Nick, I loved the lions🤗
Now that we’re heading into autumn at Londolozi, a few things are beginning to change. The early mornings have a noticeable crispness, something that they lacked during the summer.
The grass is slowly turning from green to gold and lastly, the sun is rising later and later each day. The combination of the aforementioned phenomena results in spectacular mornings in the bush at this time of year.
It was on one of these mornings last week that just as the sun was rising, tracker Life Sibuyi stopped me and motioned to something on the ground – fresh lion tracks.
I barely had time to inspect the tracks before we heard wildebeest alarming in the clearing that lay just up ahead. A minute later we entered the clearing and to our delight a lioness’s head was peering out over the golden grass. The only thing between the lioness and the sunrise was a rather dismayed herd of wildebeest. We stopped at a distance to drink in the scene. The sun appeared huge as it slowly inched above the horizon. The lioness though, did not seem too interested in the wildebeest or the sunrise and was quite content basking out in the open in the cool morning air.
The sun rose higher in the sky and as the clearing was illuminated further, we moved in closer to get a better look at the lioness, soon realising that there were a number of other lions with her. It turned out the the lioness was an Ntsevu female and was accompanied by a small portion her pride.
The lions had been hunting the previous evening and their travels found them in this particular clearing at dawn. By the looks of things, they had managed to catch something during the night as their bellies were fairly full and the wildebeest were of no further concern to them. We watched them laze around and felt the morning begin to warm up. The increasing temperature roused the lions and slowly they ambled to a shady area on the edge of the clearing where they promptly fell asleep again.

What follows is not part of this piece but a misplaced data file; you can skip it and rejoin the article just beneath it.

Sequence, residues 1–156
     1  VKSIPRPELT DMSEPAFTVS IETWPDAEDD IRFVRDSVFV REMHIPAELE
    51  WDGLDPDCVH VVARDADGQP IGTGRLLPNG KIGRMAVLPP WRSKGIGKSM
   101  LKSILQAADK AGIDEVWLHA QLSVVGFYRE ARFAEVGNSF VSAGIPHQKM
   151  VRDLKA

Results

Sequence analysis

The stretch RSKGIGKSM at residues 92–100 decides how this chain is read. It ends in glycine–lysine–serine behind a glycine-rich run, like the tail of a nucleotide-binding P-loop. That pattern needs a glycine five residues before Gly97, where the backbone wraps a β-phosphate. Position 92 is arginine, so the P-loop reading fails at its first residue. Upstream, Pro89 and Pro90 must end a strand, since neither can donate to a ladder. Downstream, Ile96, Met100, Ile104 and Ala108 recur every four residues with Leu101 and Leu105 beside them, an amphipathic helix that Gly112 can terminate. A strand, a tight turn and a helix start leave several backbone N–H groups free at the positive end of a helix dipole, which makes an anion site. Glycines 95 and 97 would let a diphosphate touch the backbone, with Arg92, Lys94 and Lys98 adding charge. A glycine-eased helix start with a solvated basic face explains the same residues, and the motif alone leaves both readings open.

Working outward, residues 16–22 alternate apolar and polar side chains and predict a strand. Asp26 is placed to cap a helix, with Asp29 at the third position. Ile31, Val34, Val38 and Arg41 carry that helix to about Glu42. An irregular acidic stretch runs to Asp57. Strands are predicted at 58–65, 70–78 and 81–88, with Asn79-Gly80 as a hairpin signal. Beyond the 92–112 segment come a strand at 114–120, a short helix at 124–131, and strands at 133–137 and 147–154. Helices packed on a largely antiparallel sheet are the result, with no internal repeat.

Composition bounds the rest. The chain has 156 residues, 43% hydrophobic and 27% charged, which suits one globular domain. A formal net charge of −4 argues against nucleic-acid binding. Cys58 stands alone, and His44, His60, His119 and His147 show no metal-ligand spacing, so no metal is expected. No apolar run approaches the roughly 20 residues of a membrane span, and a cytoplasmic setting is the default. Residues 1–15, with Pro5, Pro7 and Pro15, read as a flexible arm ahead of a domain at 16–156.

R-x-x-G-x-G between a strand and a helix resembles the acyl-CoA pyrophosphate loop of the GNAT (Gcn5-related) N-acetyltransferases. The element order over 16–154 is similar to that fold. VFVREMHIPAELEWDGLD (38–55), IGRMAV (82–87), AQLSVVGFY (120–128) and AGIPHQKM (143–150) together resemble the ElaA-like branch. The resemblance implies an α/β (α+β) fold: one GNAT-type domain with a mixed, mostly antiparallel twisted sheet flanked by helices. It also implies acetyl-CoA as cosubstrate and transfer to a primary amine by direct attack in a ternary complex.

We watched as the last sub-adult settled in the shade when just as we were about to leave, a booming roar splintered through the still morning air. The lions stirred a little but showed no close attention to the call. We on the other hand took the roar as a sign to continue and left the lions to enjoy their hard earned rest. We raced off in the direction of the noise.
We arrived up on the crest where we believed the call had originated from. Conveniently, we heard the roar again – much closer this time. A quick U-turn was all that was required and as we turned we saw a big Birmingham male emerge from the thicket in front of us. The morning was warm now and he used the shade of a guarrie bush to give off one last call. He listened for an answer – nothing. It was then that he was resigned to his fate; he would have to wait the day out in the shade and go in search of his pride when evening returned.
The Birmingham male was reunited with the Ntsevu pride that night and they were found the next day in a different area. With the pride being so large, we are now used to seeing them in smaller factions and kills are consumed quickly by the hungry youngsters. One of these days the young male members of the pride will become nomadic and wander the wilderness in search of a pride of their own.
For now though the Ntsevu a pride remains semi-intact despite being found in smaller groups scattered around the reserve. We relish the fact that the pride is thriving and every night we go to sleep we eagerly await what the dawn will hold.
Filed under Lions
Thanks Ian. We haven’t seen the Tsalala pride in a few weeks. The pair were last seen in the Manyelethi River bed about 3 weeks ago and were looking healthy.